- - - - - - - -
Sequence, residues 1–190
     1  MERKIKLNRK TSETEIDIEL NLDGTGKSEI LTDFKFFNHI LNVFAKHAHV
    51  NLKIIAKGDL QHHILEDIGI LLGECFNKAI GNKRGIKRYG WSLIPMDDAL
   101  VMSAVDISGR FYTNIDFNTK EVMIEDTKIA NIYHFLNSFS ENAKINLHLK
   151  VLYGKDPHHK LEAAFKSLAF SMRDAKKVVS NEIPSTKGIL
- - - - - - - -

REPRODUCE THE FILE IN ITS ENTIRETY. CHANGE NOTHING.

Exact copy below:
Sequence, residues 1–190
     1  MERKIKLNRK TSETEIDIEL NLDGTGKSEI LTDFKFFNHI LNVFAKHAHV
    51  NLKIIAKGDL QHHILEDIGI LLGECFNKAI GNKRGIKRYG WSLIPMDDAL
   101  VMSAVDISGR FYTNIDFNTK EVMIEDTKIA NIYHFLNSFS ENAKINLHLK
   151  VLYGKDPHHK LEAAFKSLAF SMRDAKKVVS NEIPSTKGIL